The New Zealand Railways Magazine, Volume 14, Issue 2 (May 1, 1939)
A Topsy-Turfey Gee-Genius
A Topsy-Turfey Gee-Genius.
A Knower's end is inevitable. When his children take to reading encyclopedias, his wife to gaining her general knowledge from the visiting tradesmen, and even the dog gives up looking up to him with eyes swimming with dog-like delusion, his hours as an imaginative genius are numbered. He must either divert his ingenuity to used-car salesmanship, go dumb (which would probably result in a deep-seated explosion) or turn his unnatural ability to that most imaginative and inexact of all the sciences—horse-racing. Racing is peculiarly suited to the gee-genius of the Knower. There is something about the horsiness of a horse that gees up his creative faculties. There is so much to know, and so little time to know it in. You have to know the owner's intentions, the trainer's expectations, the jockey's ambitions and the horse's feeling on the subject of forging ahead and proving his claim to be the friend of man. And you've got to know when all these warring elements will cash in at the post.
Tennyson, the poet, was a worshipper at the shrine of “My Lady Nicotine,” and like many men of letters, preferred a pipe to a cigar. (Cigarettes hadn't been invented in his day). His favourite pipe was a common clay. He would take a new clay, fill and light it, smoke it till empty, and then, snapping the stem and throwing the fragments aside, would fill and light a second clay. He never smoked the same pipe twice. His tobacco was purest Virginian, for he insisted upon the purity of his weed. Therein he was wise. Really pure tobacco is harmless. Impure tobacco (i.e., tobacco containing much nicotine) may, and often does prove, highly injurious. This fact is at last becoming generally recognised. Hence the demand for our beautifully pure New Zealand tobacco which, containing less nicotine than any other, can be smoked even immoderately with absolute safety. Why?—because it's toasted! There are, as most smokers know, five brands only of the genuine toasted tobacco: Cavendish, Navy Cut No. 3. Cut Plug No. 10, Desert Gold and Riverhead Gold.*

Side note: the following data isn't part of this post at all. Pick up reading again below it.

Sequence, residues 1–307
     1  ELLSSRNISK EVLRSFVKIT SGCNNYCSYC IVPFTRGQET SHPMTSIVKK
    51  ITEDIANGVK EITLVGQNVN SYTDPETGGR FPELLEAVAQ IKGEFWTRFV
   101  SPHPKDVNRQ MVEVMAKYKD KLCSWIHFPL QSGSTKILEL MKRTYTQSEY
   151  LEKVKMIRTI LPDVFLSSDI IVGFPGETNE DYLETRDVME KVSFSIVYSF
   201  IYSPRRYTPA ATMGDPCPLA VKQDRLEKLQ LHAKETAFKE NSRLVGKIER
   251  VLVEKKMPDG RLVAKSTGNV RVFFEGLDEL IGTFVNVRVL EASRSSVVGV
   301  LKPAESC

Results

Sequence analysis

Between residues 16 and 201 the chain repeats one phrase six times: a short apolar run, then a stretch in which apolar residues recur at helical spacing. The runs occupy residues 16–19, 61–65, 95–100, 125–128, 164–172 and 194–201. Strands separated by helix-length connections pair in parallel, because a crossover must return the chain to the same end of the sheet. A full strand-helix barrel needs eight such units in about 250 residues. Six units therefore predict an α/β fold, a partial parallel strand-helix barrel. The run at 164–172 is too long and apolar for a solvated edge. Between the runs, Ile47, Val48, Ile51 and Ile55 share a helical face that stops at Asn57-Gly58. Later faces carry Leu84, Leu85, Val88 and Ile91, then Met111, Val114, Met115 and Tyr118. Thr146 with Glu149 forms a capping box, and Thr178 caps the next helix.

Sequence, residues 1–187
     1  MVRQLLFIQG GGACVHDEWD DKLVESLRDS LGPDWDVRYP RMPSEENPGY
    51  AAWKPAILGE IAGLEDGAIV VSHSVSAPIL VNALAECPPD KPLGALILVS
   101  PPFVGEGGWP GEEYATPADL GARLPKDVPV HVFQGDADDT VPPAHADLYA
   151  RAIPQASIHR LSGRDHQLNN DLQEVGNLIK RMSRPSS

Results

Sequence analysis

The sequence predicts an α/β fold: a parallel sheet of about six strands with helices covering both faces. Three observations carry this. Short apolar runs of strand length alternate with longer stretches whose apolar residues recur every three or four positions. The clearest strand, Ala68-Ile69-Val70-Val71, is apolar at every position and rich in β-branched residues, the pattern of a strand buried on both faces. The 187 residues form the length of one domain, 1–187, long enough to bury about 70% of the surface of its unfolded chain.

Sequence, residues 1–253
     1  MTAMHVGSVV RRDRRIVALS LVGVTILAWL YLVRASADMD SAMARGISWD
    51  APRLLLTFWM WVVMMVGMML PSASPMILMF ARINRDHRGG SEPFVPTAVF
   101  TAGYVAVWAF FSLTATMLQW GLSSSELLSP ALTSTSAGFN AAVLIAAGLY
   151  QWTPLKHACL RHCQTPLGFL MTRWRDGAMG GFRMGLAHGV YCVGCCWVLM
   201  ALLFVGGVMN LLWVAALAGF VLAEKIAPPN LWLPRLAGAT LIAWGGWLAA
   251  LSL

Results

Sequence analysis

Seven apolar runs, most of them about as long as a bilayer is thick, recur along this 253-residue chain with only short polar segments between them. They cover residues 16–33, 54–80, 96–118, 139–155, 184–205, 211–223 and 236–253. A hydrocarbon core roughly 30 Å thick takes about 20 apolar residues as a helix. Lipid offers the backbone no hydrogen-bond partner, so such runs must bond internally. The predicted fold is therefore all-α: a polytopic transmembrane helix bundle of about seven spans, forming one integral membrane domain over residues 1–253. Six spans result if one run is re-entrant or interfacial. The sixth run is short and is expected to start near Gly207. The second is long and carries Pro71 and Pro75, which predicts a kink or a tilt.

Here is unlimited scope for the Knower. He may be discredited in his own family loose-box, his relatives may flee moaning from his presence, streets may clear of all sign of life at his approach, and he may be listed as an inflictious disease; but as a quadrupedagogue he claims audiences with impunity. He is not regarded as a nag among horses. His face grows long and solemn, but you can tell that he isn't actually running in the race because he isn't wearing a bridle. Even other Knowers listen to him if he looks mysterious enough to suggest a dividend complex. He whispers horsely of strange knowledge that has come to him in the night; of deep secrets plucked from the favourite's feed-bag; of devious devices designed to spice the sport of ginks with financial fecundity. He wears an air of melancholy dignity befitting one immersed in the topsyturfy affairs of life and debt.
And so at last he passes to the better course where there are only payout windows in the “tote,” and the bookmakers—I mean the barbers—send a tribute of horse-chestnuts inscribed: “Heaven's gain is our loss.”
But here's to the Knower. His heart's in the right place even if is voice is all over the place.
From the Ganges to Genoa,
You can bet you'll meet a Knower,
Glibly tossing answers back—
Be he yellow, white or black.
He's a goer is the Knower,
He's a gale, a whale, a blower,
Never stymied, never stumped,
(In Chicago sometimes “bumped”)
He can answer all you ask,
But you'd better wear a mask;
By the freedom of his blower
You will always know a Knower.